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Huli jing

Nine-tailed fox, from the Qing edition of the Shan Hai Jing

Huli jing (狐狸精; literally: "fox spirit"), Huxian (狐仙; literally: "fox immortal"), or Jiuweihu (九尾狐; literally: "nine-tailed fox") are Chinese mythological creatures who can be either good or bad spirits.

In mythology

In Chinese mythology, it is believed that all things are capable of acquiring human forms, magical powers, and immortality, provided that they receive sufficient energy, in such forms as human breath or essence from the moon and the sun.

The fox spirits encountered in tales and legends are usually females and appear as young, beautiful women. One of the most infamous fox spirits in Chinese mythology was Daji (妲己), who is portrayed in the Ming shenmo novel Fengshen Yanyi. A beautiful daughter of a general, she was married forcibly to the cruel tyrant Zhou Xin (紂辛 Zhòu Xīn). A nine-tailed fox spirit who served Nüwa, whom Zhou Xin had offended, entered into and possessed her body, expelling the true Daji's soul. The spirit, as Daji, and her new husband schemed cruelly and invented many devices of torture, such as forcing righteous officials to hug red-hot metal pillars.[1] Because of such cruelties, many people, including Zhou Xin's own former generals, revolted and fought against Zhou Xin's dynasty, Shang. Finally, King Wen of Zhou, one of the vassals of Shang, founded a new dynasty named after his country. The fox spirit in Daji's body was later driven out by Jiang Ziya (姜子牙), the first Prime Minister of the Zhou Dynasty and her spirit condemned by Nüwa herself for excessive cruelty.

Typically fox spirits were seen as dangerous, but some of the stories in Pu Songling's Liaozhai Zhiyi are love stories between a fox appearing as a beautiful girl and a young human male. In the fantasy novel The Three Sui Quash the Demons' Revolt, a huli jing teaches a young girl magic, enabling her to conjure armies with her spells.[2]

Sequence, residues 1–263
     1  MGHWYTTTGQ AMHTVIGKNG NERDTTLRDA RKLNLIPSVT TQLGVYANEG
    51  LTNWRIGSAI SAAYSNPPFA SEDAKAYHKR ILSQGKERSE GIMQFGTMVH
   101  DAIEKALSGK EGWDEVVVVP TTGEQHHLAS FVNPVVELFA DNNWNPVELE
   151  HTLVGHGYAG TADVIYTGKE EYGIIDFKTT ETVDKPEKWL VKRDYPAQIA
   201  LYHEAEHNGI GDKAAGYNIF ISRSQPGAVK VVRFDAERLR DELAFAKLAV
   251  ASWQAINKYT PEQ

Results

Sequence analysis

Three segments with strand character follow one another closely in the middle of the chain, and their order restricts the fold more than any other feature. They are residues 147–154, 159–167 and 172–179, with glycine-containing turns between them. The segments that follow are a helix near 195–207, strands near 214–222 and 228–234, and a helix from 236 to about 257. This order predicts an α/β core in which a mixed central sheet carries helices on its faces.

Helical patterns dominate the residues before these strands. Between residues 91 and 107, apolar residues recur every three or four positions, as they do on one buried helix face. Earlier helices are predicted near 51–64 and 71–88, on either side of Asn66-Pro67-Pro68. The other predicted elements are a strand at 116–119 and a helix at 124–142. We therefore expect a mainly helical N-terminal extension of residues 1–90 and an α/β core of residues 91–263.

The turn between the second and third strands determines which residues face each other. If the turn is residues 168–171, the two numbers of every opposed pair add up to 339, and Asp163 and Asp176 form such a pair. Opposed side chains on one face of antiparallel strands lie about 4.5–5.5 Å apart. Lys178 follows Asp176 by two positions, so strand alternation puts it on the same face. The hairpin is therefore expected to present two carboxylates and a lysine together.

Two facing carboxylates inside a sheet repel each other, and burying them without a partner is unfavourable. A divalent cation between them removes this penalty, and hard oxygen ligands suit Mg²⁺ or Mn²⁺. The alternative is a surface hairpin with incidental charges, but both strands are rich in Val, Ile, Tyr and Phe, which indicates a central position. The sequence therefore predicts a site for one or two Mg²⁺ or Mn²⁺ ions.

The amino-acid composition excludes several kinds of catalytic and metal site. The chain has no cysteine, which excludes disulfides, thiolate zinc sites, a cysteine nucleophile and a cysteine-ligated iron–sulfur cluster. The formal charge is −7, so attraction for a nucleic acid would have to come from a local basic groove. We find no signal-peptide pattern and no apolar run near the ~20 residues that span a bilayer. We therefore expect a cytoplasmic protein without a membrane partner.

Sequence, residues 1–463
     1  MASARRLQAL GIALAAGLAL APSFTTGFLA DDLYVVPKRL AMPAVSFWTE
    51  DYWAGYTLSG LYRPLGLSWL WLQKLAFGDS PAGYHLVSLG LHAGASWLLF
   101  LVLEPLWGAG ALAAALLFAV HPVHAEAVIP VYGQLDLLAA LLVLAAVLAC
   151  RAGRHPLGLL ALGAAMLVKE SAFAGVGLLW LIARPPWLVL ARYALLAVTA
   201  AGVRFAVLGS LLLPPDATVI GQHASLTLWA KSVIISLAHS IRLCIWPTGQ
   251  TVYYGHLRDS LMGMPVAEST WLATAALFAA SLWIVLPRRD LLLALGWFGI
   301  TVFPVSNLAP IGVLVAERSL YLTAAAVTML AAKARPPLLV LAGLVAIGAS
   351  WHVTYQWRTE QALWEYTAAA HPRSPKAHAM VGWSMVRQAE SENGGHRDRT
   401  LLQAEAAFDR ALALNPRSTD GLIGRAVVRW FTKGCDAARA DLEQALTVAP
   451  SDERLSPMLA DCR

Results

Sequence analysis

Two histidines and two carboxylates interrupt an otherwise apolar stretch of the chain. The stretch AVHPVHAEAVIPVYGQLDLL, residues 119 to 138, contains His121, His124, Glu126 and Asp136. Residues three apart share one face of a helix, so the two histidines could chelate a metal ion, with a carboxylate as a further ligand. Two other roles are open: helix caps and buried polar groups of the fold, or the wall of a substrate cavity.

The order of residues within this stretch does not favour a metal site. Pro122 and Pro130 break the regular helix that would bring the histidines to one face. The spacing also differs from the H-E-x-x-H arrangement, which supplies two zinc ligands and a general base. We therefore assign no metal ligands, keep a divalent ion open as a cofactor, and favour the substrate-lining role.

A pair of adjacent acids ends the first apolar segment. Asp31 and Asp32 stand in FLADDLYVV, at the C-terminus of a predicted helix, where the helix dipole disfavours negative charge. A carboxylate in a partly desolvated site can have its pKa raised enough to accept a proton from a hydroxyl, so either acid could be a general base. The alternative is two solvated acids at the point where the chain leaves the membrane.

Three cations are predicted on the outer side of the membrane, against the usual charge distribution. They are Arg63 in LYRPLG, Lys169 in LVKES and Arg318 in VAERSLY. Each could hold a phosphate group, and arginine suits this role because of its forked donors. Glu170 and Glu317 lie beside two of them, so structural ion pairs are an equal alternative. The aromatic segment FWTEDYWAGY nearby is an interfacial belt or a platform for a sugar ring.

Belief in fox spirits has also been implicated as an explanatory factor in the incidence of attacks of koro, a culture-bound syndrome found in southern China and Malaysia in particular.[3]

There is mention of the fox-spirit in Chinese Chán Buddhism, when Linji Yixuan compares them to voices that speak of the Dharma, stating "the immature young monks, not understanding this, believe in these fox-spirits..."(Source: The Record of Linji, Honolulu 2008, p. 218)

Modern usage

In modern Mandarin and Cantonese profanity, the term huli jing is a derogatory expression describing a woman who seduces a married or otherwise romantically-involved man; a homewrecker.

See also


  1. ^ "Fox-spirit Daji invents the Paoluo torture". Chinese Torture/Supplice chinois. Retrieved 2006-12-26. 
  2. ^ Lu, Xun (1959). A Brief History of Chinese Fiction. Translated by Hsien-yi Yang and Gladys Yang. Foreign Language Press. p. 176. ISBN 978-7-119-05750-7. 
  3. ^ Cheng, S. T. "A critical review of Chinese Koro." Culture, Medicine and Psychiatry 20(1):67-82 (1996).

Further reading

  • Chan, Leo Tak-hung (1998). The discourse on foxes and ghosts: Ji Yun and eighteenth-century literati storytelling. Hong Kong: Chinese University of Hong Kong. ISBN 9789622017498. 
  • Huntington, Rania (2003). Alien kind: Foxes and late imperial Chinese narrative. Cambridge: Harvard University Press. ISBN 9780674010949. 
  • Kang, Xiaofei (2006). The cult of the fox: Power, gender, and popular religion in late imperial and modern China. New York: Columbia University Press. ISBN 9780231133388. 

External links